Product liability sends plane manufacturers into tailspin

March 18, 1991|By Sylvia Porter | Sylvia Porter,1991 Los Angeles Times Syndicate Times Mirror Square Los Angeles, Calif. 90053

An industry in which the United States was the undisputed leader for half a century has been all but abandoned in this country. You may not want to mourn that, but you should. Next time it could be your industry, your job, your welfare.

In 1978, American builders of general aviation aircraft -- small private and business airplanes -- built about 18,000 planes. In 1988, those manufacturers built 1,143 airplanes.

Indeed, in 1986 the Cessna Company, an industry leader for decades, announced it was stopping its manufacture of light single-engine airplanes of the sort you see in the sky every day. Meanwhile, prices of used airplanes were skyrocketing. Demand for small airplanes had not diminished.

Why, then, would aviation manufacturers abandon the market?

The answer is product liability.

According to court precedent, aircraft manufacturers are responsible for their products virtually forever. And the law is such that manufacturers can be made to pay damages even when it is shown that their products had little if anything to do with the mishap.

The manufacturers of aircraft parts, too, face huge liability exposures. Teledyne Continental, a leading aircraft engine manufacturer, is an example. According to William Boettger, president of the company's Aircraft Products Division, the cost of product liability was less than $300 per engine in the early 1970s. It is now about $16,000 per engine. Because companies are in business to make money, they must add those costs to the price of their goods. The price then rises beyond that which the market will bear.

"The cost of product liability has eliminated earnings at many companies," noted Boettger, who said that as a result his company has had to reduce its work force by 500.

The problem has become ridiculous. Unison Industries, the manufacturer of aircraft ignition systems, was named in a lawsuit that followed a plane crash. Several months and a $5,000 legal bill later, the company managed to be dropped from the suit.

Nothing built by Unison was aboard the plane when it crashed. Unison had nothing whatsoever to do with the plane crash, nor could it have had. Yet the lawyer who brought the suit agreed to drop Unison from it only after the company agreed not to hold the lawyer liable for his error.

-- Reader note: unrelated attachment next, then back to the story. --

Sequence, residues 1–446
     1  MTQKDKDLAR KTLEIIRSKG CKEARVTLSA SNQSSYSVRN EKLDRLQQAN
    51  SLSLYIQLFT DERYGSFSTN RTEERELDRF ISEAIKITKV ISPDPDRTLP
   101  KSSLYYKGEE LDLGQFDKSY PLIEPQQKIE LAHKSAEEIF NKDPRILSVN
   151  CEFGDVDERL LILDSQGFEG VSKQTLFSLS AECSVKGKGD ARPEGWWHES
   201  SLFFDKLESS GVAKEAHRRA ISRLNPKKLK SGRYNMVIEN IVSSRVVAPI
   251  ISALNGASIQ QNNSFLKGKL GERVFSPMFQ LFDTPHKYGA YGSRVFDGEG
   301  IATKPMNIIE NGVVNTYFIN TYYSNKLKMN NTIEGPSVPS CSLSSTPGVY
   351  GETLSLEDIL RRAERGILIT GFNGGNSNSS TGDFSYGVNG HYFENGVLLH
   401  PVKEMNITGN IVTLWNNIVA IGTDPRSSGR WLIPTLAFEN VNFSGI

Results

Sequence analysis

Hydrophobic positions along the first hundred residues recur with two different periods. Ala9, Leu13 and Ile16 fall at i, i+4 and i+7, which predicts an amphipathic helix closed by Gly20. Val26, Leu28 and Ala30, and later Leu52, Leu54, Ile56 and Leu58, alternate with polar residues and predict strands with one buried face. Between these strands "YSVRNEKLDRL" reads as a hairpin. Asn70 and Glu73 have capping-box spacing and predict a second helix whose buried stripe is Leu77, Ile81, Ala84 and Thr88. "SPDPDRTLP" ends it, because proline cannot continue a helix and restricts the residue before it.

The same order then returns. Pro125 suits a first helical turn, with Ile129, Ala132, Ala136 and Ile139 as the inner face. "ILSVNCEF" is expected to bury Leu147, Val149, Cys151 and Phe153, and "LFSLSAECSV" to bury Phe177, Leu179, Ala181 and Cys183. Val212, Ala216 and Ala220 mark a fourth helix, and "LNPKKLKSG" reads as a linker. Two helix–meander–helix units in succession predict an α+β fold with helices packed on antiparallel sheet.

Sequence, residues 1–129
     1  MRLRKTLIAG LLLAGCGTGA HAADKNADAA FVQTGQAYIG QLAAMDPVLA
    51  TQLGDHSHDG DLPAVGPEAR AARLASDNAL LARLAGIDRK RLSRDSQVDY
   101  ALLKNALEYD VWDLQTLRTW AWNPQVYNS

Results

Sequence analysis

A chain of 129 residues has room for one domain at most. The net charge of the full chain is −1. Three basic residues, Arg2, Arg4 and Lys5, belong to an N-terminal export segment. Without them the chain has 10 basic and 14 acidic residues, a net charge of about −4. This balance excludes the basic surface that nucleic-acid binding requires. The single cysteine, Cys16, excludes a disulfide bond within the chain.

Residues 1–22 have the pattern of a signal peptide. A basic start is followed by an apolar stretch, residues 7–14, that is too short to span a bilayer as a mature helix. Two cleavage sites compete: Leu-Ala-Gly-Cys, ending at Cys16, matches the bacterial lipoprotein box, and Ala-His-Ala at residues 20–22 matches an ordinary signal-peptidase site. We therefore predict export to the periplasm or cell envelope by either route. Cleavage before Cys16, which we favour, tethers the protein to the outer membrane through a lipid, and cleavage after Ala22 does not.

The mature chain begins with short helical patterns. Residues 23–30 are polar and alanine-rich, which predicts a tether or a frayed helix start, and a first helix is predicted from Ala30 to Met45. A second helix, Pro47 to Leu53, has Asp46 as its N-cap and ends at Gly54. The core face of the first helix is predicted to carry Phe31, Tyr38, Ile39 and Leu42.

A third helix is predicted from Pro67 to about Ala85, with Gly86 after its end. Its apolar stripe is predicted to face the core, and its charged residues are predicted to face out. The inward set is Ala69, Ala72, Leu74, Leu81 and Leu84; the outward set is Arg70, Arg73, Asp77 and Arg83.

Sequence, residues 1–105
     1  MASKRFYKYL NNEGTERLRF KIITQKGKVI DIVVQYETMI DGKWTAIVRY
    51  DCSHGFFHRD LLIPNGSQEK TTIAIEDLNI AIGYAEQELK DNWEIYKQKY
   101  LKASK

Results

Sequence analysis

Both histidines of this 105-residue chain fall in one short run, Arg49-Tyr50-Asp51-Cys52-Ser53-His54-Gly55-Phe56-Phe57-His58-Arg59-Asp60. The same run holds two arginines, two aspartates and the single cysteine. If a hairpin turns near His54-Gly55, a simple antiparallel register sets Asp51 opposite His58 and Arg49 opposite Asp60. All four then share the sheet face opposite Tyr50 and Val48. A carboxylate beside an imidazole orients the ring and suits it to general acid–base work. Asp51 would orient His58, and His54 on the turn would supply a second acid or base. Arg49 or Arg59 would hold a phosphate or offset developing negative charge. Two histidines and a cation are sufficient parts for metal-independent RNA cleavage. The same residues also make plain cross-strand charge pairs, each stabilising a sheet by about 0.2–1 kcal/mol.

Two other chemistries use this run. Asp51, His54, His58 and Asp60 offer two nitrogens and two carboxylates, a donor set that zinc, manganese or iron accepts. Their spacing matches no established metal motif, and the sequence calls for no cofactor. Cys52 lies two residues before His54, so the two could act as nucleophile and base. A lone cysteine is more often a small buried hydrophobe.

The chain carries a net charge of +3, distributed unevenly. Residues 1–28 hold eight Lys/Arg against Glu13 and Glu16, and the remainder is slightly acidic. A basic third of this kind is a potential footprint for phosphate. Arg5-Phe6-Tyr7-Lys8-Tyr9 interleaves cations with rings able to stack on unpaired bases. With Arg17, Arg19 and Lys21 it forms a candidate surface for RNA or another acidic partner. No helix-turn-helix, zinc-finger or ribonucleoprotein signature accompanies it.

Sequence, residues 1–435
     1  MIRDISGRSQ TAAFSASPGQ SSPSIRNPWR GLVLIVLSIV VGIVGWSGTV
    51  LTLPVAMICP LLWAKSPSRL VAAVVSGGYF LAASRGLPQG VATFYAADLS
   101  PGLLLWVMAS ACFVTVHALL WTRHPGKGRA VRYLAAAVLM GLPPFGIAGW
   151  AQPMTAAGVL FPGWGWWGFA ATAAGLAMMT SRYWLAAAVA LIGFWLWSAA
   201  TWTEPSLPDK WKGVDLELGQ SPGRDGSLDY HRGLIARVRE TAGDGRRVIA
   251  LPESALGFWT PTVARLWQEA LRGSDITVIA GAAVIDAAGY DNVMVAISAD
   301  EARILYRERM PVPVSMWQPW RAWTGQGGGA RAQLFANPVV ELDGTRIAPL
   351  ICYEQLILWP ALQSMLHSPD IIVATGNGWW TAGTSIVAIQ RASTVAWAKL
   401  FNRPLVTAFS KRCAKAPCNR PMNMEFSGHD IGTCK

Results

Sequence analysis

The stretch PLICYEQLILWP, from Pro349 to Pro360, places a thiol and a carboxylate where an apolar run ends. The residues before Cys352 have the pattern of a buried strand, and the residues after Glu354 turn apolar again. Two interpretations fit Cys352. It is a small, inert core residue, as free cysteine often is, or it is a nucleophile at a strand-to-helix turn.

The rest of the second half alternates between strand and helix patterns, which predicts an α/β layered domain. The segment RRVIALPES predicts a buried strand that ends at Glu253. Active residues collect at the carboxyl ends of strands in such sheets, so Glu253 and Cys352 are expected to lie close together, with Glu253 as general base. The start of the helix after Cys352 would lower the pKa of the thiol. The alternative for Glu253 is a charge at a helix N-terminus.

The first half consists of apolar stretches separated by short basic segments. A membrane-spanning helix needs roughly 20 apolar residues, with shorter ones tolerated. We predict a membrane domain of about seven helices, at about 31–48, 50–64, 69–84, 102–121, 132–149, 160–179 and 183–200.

When each company making a part for an airplane adds one-third to one-half to its price just to cover liability costs, and when the aircraft manufacturer does the same thing to the finished product, prices go through the roof. Few pilots will -- or can -- pay $200,000 for an airplane that would otherwise cost $100,000.

Yet time and again juries have slapped manufacturers with big judgments, even on airplanes 20 years old or older that have been involved in accidents -- even when the manufacturer has had no control over the maintenance of the airplane or the skill of the pilot.

"No matter how irrational or stupid the act of the pilot, if the pilot is not highly insured, it must be the fault of the manufacturer of the airplane," says M. Stuart Millar, owner of Piper. "It does not seem to matter to a jury that the pilot may have been unqualified to fly or might even have been drunk. The fact that the airplane may have been poorly maintained counts for little."

Each year, legislation is introduced into Congress that would hold aircraft manufacturers responsible only in cases where there is some reason to believe the manufacturer is some way at fault, through design, omission or other action or failure to act.

The legislation is, each year, embraced not only by the aircraft manufacturers but also by general aviation consumers and their organizations. Those affected, save for one group, loudly endorse the proposed new law.

The one group that doesn't is the Association of Trial Lawyers of America, an organization of 65,000 lawyers with members, it would seem, in every congressional district. It should not be surprising that, thus far, the lawyers' opposition has been effective.

As a result, new airplanes are being imported from places like Czechoslovakia and the Soviet Union.

By all accounts, most of the foreign airplanes are very good. And by all accounts, most of the American airplanes were very good.

The difference is that the American industry has all but died.

NEXT: How you pay for punitive damages

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